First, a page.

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Kilkerian High Crosses, Co. Kilkenny
Location: Very close to the Kilkenny/Tipperary border, approximately six kilometers NNE of Carrick-on-Suir.
From N24 in Carrick-on-Suir, take R697 north to R698 east (5.5 to 6 km). Turn right (east) on R698. The graveyard
where the crosses are located is approximately 300 meters on the right from the intersection. There is ample parking
and the lane down to the graveyard from the entrance gate is well paved.
Dimensions and Features: The NORTH (or tall) cross is unlike any other cross found in Ireland being 3.5 meters high with
very short cross arms and a circular base. There are hatched mouldings on the west face above and below the cross arms.
Shallow grooves decorate the wide faces of the shaft. A tenon remains on the top, though whether it held a
miter-like cap similar to the other crosses is impossible to know. The EAST (or plain) cross is approximately
2.8 meters high and like the Ahenny crosses are of the Western Ossory group (8th to 9th century), with mouldings and a
central boss that mimic metalwork in stone, a heavy miter-like crown, but otherwise without decoration. The WEST (or decorated) cross is is 3.8
meters high and also of the Ossory group with a miter-like crown at its top. It is completely ornamented with
interlace along the shaft and arms with the exception of a panel on the west face with four long-necked beasts with a
small equal-armed cross in the center. The base of this cross includes two chrysanthemum motifs on the N. face at the bottom of
the left panel and the interlace on the right panel here has unusual imperfections. The E. face of the base contains two
panels, each with four horsemen. The W. face of the base has the center of the three panels containing five swirls in
a geometric arrangement. All three of these crosses are composed of sandstone. A fragment of what appears to be a
cross shaft contains geometric swirling patterns as well as floral and rectangular decoration.
Comments: The graveyard in which the ancient crosses stand is very well tended and the surrounding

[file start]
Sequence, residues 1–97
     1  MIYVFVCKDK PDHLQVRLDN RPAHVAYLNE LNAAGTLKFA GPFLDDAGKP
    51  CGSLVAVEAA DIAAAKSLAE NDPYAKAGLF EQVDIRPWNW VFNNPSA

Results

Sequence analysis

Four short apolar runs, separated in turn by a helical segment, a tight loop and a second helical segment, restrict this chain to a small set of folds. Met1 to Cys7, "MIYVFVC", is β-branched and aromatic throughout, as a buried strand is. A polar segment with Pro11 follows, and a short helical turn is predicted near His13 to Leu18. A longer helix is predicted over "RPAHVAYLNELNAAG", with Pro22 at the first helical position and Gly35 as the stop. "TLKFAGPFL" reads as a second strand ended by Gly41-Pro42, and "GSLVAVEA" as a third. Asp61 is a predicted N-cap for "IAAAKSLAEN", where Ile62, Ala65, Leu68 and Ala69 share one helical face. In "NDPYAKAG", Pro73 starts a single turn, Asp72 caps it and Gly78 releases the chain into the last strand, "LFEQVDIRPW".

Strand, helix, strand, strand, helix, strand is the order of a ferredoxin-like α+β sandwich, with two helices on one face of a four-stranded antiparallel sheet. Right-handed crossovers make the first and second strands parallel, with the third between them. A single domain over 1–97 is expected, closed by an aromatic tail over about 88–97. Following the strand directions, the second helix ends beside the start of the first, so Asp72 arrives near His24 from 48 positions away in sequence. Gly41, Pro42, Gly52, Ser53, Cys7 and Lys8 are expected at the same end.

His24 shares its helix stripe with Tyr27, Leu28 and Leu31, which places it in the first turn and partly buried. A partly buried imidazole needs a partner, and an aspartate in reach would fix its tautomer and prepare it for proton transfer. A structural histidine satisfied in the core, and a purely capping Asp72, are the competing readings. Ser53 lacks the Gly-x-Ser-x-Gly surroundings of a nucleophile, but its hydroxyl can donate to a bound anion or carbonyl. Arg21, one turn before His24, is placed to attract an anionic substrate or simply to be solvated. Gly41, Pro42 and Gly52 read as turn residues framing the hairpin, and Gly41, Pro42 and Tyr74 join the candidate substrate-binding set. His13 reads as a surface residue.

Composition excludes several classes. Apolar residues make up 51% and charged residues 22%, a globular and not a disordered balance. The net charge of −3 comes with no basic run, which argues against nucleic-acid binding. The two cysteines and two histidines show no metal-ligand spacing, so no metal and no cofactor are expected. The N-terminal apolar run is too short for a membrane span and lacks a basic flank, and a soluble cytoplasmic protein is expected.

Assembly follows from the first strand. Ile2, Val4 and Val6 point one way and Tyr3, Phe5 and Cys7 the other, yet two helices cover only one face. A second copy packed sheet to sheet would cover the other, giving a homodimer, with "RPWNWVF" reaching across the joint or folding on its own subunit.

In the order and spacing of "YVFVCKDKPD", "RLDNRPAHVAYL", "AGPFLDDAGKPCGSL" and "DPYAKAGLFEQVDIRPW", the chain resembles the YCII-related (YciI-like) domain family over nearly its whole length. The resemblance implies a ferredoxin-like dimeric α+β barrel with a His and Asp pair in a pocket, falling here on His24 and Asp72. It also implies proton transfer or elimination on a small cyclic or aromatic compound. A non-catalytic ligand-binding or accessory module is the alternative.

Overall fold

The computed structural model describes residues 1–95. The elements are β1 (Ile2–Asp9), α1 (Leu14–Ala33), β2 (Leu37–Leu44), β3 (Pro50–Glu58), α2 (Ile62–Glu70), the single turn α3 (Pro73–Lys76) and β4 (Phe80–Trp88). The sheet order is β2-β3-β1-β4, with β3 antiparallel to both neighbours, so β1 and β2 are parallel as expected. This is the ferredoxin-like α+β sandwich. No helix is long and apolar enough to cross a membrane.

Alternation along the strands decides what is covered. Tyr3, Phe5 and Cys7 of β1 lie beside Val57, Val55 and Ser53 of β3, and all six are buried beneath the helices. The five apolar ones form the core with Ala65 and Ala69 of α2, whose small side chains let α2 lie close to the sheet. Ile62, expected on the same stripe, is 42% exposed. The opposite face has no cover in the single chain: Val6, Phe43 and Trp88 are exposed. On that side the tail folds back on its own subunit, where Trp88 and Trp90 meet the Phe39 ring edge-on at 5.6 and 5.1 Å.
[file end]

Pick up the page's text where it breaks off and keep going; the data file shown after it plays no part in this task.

countryside is quite beautiful and serene despite it's proximity to regional roads. Much of the carving on the crosses
is now covered with moss and lichen, making it difficult to trace (see the pattern).
History: The little cemetery in Faheen (Kilkieran) is noteworthy, not simply for its early Irish High Crosses,
but for the manner in which it was restored in the mid 19th century. Local history says that the major beauty,
the great High Cross, had been smashed and spread over the ground
in an outrage of iconoclasm but the remnants were collected, chip by chip, splinter by splinter, and restored to
today's stature by a blind stonemason from Faheen named Paddy Laurence, who had lost his sight while engaged in the
building of the House of parliament in London. .
Other Items of Interest: In addition to these marvelous crosses and fragments, a phallic-shaped standing stone is featured
near the far wall of the graveyard toward St. Kieran's well. Along the base of this wall are found what appears to
be a small holed grinding stone and several bullaun stones. Another bullaun is incorporated into the wall at St.
Kieran's holy well as a font for the cure of headaches. Near the decorated cross is what appears to be a stone
row anchored by cement and by the wall near the entrance to the cemetery is an unusually named "Stranger's Corner",
presumably an area reserved for the burial of unknowns or paupers.